Dear Me at 48

I’ve been lacking inspiration for creative posts lately, and upon Googling some possible blog prompts, I stumbled upon this one: “Write a letter to your future self 15 years from now”. While the list featured 50-something prompts, that one stopped me in my tracks. So here goes…

Dear Me at 48:

It’s 2037 and you’re a few months away from turning 49. Remember when you were 29 and came up with a list of 30 random things to accomplish before turning 30? I hope you’re not doing that again with 50 things to do before 50, but I wouldn’t put it past you. Remember also how you cried on the night before turning 30? Please don’t do that again either! Your 30s (evaluated from the wise old age of 33) have ended up being a hell of a lot better than your 20s. You can only imagine your 50s! Live your life at the moment, do the things you want to do, and do them because you want to do them – not because you perceive some expiration date of your vibrancy with your next birthday ending in a -0.

I’m not going to do that small talk thing where I immediately jump to what you’re doing professionally. Life is so much more than working just to pay bills and eke out a few weeks of vacation each year. I hope you’re living comfortably, but that you’ve stuck to your guns on not letting your work life consume you.

I hope you’re living somewhere (or maybe between a few places) where you have the perfect mix of beautiful places to be outside, four seasons, family and friends, and a sense of adventure as you continue to explore. Unless some advanced scientific miracle has kept Paisley alive to the age of 19, you’ve said goodbye to her by this point. I hope that you know that she was the best dog you ever could hope to have (first dogs always are, right?) and that you spoiled her rotten and gave her the best life she could ever want. I hope you have opened your heart and home to a dog with a bit more endurance for outdoor hikes.

I hope you’ve gotten serious about avoiding the health outcomes that your family is plagued by, like heart disease and diabetes, and have maintained a lifestyle rich in movement and healthy foods – not out of fear, but out of a fighting spirit to beat the genetic odds working against you and ensuring that you have a long and healthy life. As I write this now, I’ve just found a rhythm that I don’t hate in healthy movement and eating – I sure hope that sticks.

I hope you’ve crossed off a number of bucket list National Park trips with Jon. He’s the greatest, honestly. Don’t ever take him for granted and make sure that you spend as much time as you can in the moment, appreciating date nights and not scrolling on your phone. What could possibly be better on your phone than the wonderful guy who believes in you more than anyone? Hm?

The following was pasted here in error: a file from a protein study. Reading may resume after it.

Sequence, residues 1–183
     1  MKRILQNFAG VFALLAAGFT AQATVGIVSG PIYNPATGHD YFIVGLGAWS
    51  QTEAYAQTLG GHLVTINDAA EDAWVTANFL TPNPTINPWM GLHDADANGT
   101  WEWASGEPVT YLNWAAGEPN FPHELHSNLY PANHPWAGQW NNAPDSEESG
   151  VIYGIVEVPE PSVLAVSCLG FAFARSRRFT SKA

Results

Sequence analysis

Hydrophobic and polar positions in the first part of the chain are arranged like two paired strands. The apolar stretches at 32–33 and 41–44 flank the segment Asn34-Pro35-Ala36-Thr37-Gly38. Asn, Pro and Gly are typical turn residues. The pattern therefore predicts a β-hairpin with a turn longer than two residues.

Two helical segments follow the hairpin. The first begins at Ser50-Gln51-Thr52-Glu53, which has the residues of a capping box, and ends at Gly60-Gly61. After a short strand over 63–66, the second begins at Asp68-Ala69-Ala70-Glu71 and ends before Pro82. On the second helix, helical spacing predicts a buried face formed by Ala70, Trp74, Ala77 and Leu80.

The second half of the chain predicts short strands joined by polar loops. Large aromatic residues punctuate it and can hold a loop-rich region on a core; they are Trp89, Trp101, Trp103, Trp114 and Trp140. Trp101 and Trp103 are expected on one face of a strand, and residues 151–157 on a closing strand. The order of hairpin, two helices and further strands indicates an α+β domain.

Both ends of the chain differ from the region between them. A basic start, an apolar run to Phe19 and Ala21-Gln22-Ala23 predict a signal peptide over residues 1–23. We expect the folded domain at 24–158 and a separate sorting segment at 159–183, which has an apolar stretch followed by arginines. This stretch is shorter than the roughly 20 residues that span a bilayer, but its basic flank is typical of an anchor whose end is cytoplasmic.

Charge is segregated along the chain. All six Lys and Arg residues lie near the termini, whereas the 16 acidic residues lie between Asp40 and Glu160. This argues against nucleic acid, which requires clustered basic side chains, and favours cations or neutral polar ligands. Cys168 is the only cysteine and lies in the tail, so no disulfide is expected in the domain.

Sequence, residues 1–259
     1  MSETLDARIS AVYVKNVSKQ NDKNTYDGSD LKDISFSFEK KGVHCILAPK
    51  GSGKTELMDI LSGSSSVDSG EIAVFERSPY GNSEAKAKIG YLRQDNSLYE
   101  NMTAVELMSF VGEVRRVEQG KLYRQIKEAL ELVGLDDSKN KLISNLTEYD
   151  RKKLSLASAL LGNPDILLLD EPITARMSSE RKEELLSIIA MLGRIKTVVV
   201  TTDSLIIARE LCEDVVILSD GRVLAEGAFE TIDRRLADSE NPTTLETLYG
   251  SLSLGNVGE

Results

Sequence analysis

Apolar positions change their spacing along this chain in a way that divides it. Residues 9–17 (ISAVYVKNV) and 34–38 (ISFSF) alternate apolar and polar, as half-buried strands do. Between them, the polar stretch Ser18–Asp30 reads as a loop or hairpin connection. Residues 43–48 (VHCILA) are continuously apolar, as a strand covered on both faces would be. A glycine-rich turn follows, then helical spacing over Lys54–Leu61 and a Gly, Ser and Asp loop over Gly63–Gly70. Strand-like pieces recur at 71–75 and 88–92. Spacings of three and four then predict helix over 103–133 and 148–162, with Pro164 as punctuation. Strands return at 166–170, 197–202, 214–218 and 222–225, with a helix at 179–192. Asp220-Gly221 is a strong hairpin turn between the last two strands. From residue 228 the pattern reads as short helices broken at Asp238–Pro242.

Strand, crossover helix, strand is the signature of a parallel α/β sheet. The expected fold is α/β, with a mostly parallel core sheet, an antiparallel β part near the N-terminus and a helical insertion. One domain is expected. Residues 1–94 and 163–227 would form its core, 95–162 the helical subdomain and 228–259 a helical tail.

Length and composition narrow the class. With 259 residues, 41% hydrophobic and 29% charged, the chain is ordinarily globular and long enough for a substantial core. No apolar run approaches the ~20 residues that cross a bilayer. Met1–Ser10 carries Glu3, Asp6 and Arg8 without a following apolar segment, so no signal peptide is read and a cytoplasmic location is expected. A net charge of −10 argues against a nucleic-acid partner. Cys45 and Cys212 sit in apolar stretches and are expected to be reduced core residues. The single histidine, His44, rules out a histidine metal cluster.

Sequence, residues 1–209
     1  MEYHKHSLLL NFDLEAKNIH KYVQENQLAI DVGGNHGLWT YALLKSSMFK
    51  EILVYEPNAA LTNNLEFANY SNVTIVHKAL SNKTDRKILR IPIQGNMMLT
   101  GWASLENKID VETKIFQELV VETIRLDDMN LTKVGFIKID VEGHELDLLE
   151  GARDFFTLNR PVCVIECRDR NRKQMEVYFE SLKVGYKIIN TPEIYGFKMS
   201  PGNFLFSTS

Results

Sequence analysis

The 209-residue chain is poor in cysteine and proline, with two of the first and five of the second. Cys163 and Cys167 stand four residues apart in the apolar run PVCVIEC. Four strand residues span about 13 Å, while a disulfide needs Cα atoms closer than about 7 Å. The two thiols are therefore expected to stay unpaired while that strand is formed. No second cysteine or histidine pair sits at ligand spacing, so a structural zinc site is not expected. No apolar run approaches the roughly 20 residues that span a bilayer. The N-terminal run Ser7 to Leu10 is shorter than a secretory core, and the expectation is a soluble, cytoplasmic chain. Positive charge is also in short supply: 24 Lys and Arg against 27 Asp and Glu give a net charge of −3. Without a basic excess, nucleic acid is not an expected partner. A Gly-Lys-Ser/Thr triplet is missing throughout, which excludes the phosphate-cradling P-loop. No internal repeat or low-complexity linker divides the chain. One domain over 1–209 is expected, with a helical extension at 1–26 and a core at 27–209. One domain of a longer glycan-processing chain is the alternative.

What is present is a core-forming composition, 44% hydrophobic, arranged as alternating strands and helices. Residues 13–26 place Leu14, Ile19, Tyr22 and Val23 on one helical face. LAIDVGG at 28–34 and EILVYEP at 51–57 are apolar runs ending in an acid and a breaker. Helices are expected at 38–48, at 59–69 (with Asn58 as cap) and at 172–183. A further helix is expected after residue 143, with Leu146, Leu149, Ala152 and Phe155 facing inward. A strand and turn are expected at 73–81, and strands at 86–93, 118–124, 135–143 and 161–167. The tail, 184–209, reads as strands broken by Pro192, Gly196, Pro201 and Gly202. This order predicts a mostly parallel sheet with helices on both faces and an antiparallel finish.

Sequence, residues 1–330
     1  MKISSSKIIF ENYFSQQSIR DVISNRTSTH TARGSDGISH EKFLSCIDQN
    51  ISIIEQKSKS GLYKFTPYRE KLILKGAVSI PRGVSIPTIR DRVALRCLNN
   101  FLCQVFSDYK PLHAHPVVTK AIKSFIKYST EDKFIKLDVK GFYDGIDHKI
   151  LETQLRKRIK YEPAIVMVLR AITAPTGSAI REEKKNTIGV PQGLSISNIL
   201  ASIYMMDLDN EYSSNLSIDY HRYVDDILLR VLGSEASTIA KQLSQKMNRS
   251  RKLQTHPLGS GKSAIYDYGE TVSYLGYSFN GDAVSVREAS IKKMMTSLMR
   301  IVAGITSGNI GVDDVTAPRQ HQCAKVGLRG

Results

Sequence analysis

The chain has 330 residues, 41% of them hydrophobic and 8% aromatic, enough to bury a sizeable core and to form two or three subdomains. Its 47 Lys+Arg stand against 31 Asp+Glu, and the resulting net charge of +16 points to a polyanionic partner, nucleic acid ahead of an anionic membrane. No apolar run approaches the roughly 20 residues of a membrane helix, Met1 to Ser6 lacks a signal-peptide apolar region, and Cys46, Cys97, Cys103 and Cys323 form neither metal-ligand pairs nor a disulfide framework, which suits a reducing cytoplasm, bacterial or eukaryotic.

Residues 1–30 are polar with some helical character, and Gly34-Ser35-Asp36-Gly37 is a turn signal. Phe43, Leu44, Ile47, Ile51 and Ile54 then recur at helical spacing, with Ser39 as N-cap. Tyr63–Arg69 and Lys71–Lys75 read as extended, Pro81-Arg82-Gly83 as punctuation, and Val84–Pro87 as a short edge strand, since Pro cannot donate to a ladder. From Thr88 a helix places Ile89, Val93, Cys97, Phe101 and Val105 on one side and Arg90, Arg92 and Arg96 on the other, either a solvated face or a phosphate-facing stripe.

I hope you’ve realized that your despisal of small talk is no excuse to be mean to people. At this point, you’ve had a presence in the Midwest about 4x longer than you had on the East coast, so just embrace having to say hello to everyone you walk past already. Yes, small talk is ridiculous and a waste of oxygen, but archaeologists don’t find relics of ancient times that shape our anthropological history by just running a broom over the ground. You have to scratch at the surface before you can dig deeper. That said, I hope you’re nicer to people in airports and on planes now, too. If the person next to you really wants to talk to you, be nice and hear them out. Unless they’re creepy. God, I really hope air travel is less hellish 15 years from now. Can’t be worse than it is right now… I hope.

I hope that you spend as much time as you can outside, that you read many, many books each year, and that you’re still as committed to learning and evolving as you were when you were younger. I hope you’ve finally stopped buying things that are poorly made and go out of style and that for your sake, you live really far away from a Target so that you aren’t making impulse purchases there 1-2x a week. I hope you have gotten to a place where you embody the cliche that happiness can’t be bought.

I feel like at 33 you were finally starting to hit your groove. I hope you continue to apply what you learned at 33 and are blossoming to your fullest as you approach 50. I hate those expressions like “50 is the new 30” or whatever. Maybe those expressions will be out of fashion in 15 years? We can only hope. 50 is 50. Age is a mindset, it’s how you find a balance between pushing yourself and being kind to yourself on a daily basis. Your life is a sum of those days. Your days are a sum of small moments. Appreciate where you are and how far you’ve come.

I’m sure you’re just killing it.

Love, Me at 33.

Leave a Reply

Fill in your details below or click an icon to log in: Logo

You are commenting using your account. Log Out /  Change )

Twitter picture

You are commenting using your Twitter account. Log Out /  Change )

Facebook photo

You are commenting using your Facebook account. Log Out /  Change )

Connecting to %s